Results. Copepod total abundance was not significantly different among stations but higher after disturbance than before disturbance. However, changes in the abundance of particular species and the community structure between time periods were dramatic. Coastal large-bodied calanoid species (e.g., Acartia spinicauda, Calanopia thompsoni, Pseudodiaptomus bowmani and Tortanus forcipatus) were the most vulnerable group to disturbance. This however favored the opportunistic species (e.g., Oithona simplex, O. attenuata, Hemicyclops sp., Pseudomacrochiron sp. and Microsetella norvegica). Small-bodied copepods (e.g., Paracalanus sp., Parvocalanus crassirostris and Euterpina acutifrons) were unaffected. Centropages tenuiremis was likely an introduced species. There was no significant loss in species richness of copepods despite the dramatic changes in community structure.

Discussion. Sea warming and other human-induced effects such as eutrophication, acidification and coastal habitat degradation are likely the main factors that have altered copepod community structure. The large-bodied estuarine and coastal calanoid copepods are surmised to be vulnerable to eutrophication and hypoxia, while both resilient and opportunistic species are largely unaffected by, or adaptable to, degraded coastal environments and observed sea surface temperature (SST) rise. It is forecasted that SST rise with unmitigated anthropogenic impacts will further reduce large-bodied copepod species the favoured food for fish larvae with dire consequences for coastal fish production.

Continue reading ‘Response of marine copepods to a changing tropical environment: winners, losers and implications’

Micropaleontology and isotope stratigraphy of the upper Aptian to lower Cenomanian (~114-98 Ma) in ODP site 763, Exmouth Plateau, NW Australia

The biostratigraphy and isotope stratigraphy of the upper Aptian to lower Cenomanian interval including oceanic anoxic events OAE1b, 1c and 1d are investigated in ODP Site 763, drilled on the Exmouth Plateau offshore northwest Australia. Benthic foraminifera suggest that Site 763 was situated in outer neritic to upper bathyal water depths (~150-600 m). OAEs of the Atlantic basin and Tethys are typically associated with organic carbon-rich black shales and δ13C excursions. However, OAEs at this high latitude site correlate with ocean acidification and/or pyrite formation under anoxic conditions rather than black shales. Ocean acidification may be responsible for sporadic low abundances of planktic foraminifera compared to radiolarians and benthic foraminifera associated with increased volcanogenic CO2 production during the formation of the Southern and Central Kerguelen Plateaus. Sea surface temperature may have cooled to 11°C in the late Aptian but increased gradually during the Albian. The Aptian/Albian boundary is placed at a negative carbon isotope excursion associated with the lowest occurrence of Microhedbergella renilaevis, typically found within the Niveau Kilian black shale of OAE1b. Third-order sea level cycles, particularly in the middle Albian, produced cyclic changes in the abundance of inoceramid prisms that increased during inferred times of falling sea level. The late Albian OAE1c and OAE1d coincide with horizons of intense pyritization and the absence of all biocomponents suggesting the development of euxinia. Warm Tethyan waters reached the Exmouth Plateau during the latest Albian based on the presence of thermocline dwelling keeled planktic foraminifera including Planomalina buxtorfi.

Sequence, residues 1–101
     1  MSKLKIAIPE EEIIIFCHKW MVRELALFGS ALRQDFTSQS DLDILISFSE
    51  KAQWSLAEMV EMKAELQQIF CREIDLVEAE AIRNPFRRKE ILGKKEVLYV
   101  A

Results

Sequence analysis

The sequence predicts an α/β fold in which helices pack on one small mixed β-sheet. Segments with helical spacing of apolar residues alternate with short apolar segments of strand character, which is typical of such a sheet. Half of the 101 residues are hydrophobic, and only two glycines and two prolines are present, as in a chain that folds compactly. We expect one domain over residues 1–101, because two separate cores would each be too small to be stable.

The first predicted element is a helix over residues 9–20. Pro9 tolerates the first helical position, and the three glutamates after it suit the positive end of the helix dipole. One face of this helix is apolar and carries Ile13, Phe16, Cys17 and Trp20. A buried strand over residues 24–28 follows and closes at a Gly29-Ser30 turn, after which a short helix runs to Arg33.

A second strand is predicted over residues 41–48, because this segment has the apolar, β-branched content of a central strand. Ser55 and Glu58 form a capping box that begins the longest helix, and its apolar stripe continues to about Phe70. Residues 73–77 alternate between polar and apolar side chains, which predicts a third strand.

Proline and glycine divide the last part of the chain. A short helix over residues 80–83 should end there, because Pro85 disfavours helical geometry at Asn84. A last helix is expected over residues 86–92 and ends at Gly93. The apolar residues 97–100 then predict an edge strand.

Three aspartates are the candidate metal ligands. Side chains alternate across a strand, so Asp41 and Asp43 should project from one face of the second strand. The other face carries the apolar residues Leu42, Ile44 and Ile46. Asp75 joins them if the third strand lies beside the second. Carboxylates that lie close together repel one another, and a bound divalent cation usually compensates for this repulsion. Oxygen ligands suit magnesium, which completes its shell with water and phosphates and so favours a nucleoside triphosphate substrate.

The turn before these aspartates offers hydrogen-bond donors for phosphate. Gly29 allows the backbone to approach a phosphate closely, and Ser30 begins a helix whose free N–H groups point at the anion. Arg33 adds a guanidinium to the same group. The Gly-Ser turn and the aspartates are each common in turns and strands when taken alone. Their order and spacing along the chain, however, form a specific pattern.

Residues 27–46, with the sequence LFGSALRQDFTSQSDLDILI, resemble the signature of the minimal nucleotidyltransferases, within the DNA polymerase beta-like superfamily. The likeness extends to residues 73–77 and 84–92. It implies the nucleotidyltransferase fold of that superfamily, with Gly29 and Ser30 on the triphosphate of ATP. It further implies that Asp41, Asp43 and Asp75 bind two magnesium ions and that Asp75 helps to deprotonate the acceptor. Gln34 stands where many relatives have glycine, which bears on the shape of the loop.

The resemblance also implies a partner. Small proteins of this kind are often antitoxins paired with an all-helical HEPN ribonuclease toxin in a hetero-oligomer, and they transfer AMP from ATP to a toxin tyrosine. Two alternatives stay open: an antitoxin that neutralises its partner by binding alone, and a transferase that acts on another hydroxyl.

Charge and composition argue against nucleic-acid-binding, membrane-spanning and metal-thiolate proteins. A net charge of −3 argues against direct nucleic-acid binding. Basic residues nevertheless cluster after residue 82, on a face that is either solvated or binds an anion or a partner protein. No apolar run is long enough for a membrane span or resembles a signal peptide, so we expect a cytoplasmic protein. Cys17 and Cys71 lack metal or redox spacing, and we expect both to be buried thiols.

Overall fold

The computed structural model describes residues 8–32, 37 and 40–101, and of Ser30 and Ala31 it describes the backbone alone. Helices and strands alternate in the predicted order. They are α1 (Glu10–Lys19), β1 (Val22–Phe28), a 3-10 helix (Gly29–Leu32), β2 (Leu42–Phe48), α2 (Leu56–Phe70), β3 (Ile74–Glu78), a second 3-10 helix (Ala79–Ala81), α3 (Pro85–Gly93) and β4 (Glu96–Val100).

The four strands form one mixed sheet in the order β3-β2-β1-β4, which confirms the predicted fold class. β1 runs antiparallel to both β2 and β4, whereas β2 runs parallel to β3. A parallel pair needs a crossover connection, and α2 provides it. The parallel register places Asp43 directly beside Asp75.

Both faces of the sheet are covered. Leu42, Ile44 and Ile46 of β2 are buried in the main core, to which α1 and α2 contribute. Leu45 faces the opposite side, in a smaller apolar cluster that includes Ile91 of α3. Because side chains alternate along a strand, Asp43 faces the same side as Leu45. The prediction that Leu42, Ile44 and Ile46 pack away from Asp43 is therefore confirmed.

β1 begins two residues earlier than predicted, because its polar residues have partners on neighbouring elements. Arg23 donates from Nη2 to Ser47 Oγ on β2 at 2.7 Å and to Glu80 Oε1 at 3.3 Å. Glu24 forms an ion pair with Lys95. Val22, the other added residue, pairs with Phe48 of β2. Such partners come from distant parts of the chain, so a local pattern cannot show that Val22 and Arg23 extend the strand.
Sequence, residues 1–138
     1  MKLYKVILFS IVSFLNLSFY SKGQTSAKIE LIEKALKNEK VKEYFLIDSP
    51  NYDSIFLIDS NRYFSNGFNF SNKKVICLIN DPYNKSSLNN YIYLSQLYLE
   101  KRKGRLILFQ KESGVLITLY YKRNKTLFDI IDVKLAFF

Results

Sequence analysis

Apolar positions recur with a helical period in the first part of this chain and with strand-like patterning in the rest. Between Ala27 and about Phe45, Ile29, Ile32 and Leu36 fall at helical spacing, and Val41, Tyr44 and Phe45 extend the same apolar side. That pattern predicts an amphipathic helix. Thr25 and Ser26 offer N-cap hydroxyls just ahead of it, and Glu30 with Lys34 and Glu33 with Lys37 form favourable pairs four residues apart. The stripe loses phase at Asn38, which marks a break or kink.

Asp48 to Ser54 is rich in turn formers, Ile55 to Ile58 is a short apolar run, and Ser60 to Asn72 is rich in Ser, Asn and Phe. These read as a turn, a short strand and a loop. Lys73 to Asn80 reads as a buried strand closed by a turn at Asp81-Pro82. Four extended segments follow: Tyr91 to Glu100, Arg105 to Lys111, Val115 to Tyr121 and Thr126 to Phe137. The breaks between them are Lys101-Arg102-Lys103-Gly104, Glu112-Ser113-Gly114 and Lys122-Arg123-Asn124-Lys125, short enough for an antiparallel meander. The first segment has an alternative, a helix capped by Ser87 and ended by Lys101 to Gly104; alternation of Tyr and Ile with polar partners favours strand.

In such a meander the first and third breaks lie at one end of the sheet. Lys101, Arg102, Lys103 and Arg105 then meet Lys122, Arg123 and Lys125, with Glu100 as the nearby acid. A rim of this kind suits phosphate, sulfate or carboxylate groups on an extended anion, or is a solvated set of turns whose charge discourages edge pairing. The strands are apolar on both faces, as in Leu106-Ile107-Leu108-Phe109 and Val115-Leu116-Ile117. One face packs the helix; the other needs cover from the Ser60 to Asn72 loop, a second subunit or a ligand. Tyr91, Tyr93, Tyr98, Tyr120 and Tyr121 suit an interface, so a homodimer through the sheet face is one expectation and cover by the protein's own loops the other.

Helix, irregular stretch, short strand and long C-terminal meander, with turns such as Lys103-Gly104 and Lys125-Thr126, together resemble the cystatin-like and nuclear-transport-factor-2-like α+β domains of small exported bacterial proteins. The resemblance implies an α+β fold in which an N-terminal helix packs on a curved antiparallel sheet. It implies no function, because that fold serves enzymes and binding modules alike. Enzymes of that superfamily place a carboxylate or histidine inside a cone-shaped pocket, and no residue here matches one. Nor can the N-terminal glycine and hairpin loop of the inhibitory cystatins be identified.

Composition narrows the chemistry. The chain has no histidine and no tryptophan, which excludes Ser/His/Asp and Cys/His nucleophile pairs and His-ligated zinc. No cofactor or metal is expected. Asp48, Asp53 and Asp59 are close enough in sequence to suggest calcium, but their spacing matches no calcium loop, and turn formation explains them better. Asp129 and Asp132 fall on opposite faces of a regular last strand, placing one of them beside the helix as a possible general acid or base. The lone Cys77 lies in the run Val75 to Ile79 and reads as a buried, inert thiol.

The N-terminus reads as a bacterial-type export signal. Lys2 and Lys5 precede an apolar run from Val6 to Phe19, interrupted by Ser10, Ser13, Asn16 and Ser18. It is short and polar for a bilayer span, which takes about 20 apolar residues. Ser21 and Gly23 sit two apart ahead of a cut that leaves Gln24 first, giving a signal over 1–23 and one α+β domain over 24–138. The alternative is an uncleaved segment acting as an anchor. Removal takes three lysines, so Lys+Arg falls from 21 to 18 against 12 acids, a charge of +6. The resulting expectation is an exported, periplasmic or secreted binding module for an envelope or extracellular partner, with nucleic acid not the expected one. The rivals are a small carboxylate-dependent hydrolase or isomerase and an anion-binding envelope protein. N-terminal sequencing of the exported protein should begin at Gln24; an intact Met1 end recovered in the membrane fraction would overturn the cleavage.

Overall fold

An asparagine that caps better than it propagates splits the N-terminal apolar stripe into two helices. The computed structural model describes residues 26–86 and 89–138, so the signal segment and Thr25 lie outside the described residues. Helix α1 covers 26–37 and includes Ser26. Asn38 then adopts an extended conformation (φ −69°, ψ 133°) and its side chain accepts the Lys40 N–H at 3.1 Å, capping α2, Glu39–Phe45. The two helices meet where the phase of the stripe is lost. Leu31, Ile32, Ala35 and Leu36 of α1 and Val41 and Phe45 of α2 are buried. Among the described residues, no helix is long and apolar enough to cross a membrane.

Continue reading ‘Micropaleontology and isotope stratigraphy of the upper Aptian to lower Cenomanian (~114-98 Ma) in ODP site 763, Exmouth Plateau, NW Australia’

Souring seas: ocean acidification monitoring at Oregon’s Marine Reserves

The mystery began in 2007 at Whiskey Creek Shellfish Hatchery in Netarts Bay, Oregon. An inexplicable oyster larvae die-off spurred efforts to figure out the problem. The identified culprit? Ocean acidification.

Ocean acidification is the lesser known cousin of climate change. It is a change in water chemistry driven by rising atmospheric carbon dioxide. Seawater absorbs carbon dioxide, which affects chemical reactions in the ocean — including pH levels. With rising levels of carbon dioxide in the atmosphere, more and more of this gas is being absorbed by our oceans, lowering pH levels and making the ocean more acidic. Oregon, and the rest of the West Coast, are especially vulnerable to these changes, and are taking proactive steps in research and policy to better understand acidification impacts (visit the West Coast Ocean Acidification and Hypoxia Science Panel for more information).

Continue reading ‘Souring seas: ocean acidification monitoring at Oregon’s Marine Reserves’

Ocean acidification – the limits of adaptation

World’s longest laboratory experiment with the single-celled calcifying alga Emiliania huxleyi reveals that evolutionary adaptation to acidification is restricted

July 11, 2016 / Kiel. The most abundant single-celled calcifying alga of the world’s oceans, Emiliania huxleyi is basically able to adapt to ocean acidification through evolution. However, the longest evolution experiment that has been conducted with this organism so far shows, that the potential for adaptation is not as large as initially expected. The growth rate under elevated carbon dioxide concentrations has not improved significantly after four years. Calcification was even lower than in today’s cells from Emiliania huxleyi. The study shows that the effects of evolution in phytoplankton are more complex than previously thought.

Continue reading ‘Ocean acidification – the limits of adaptation’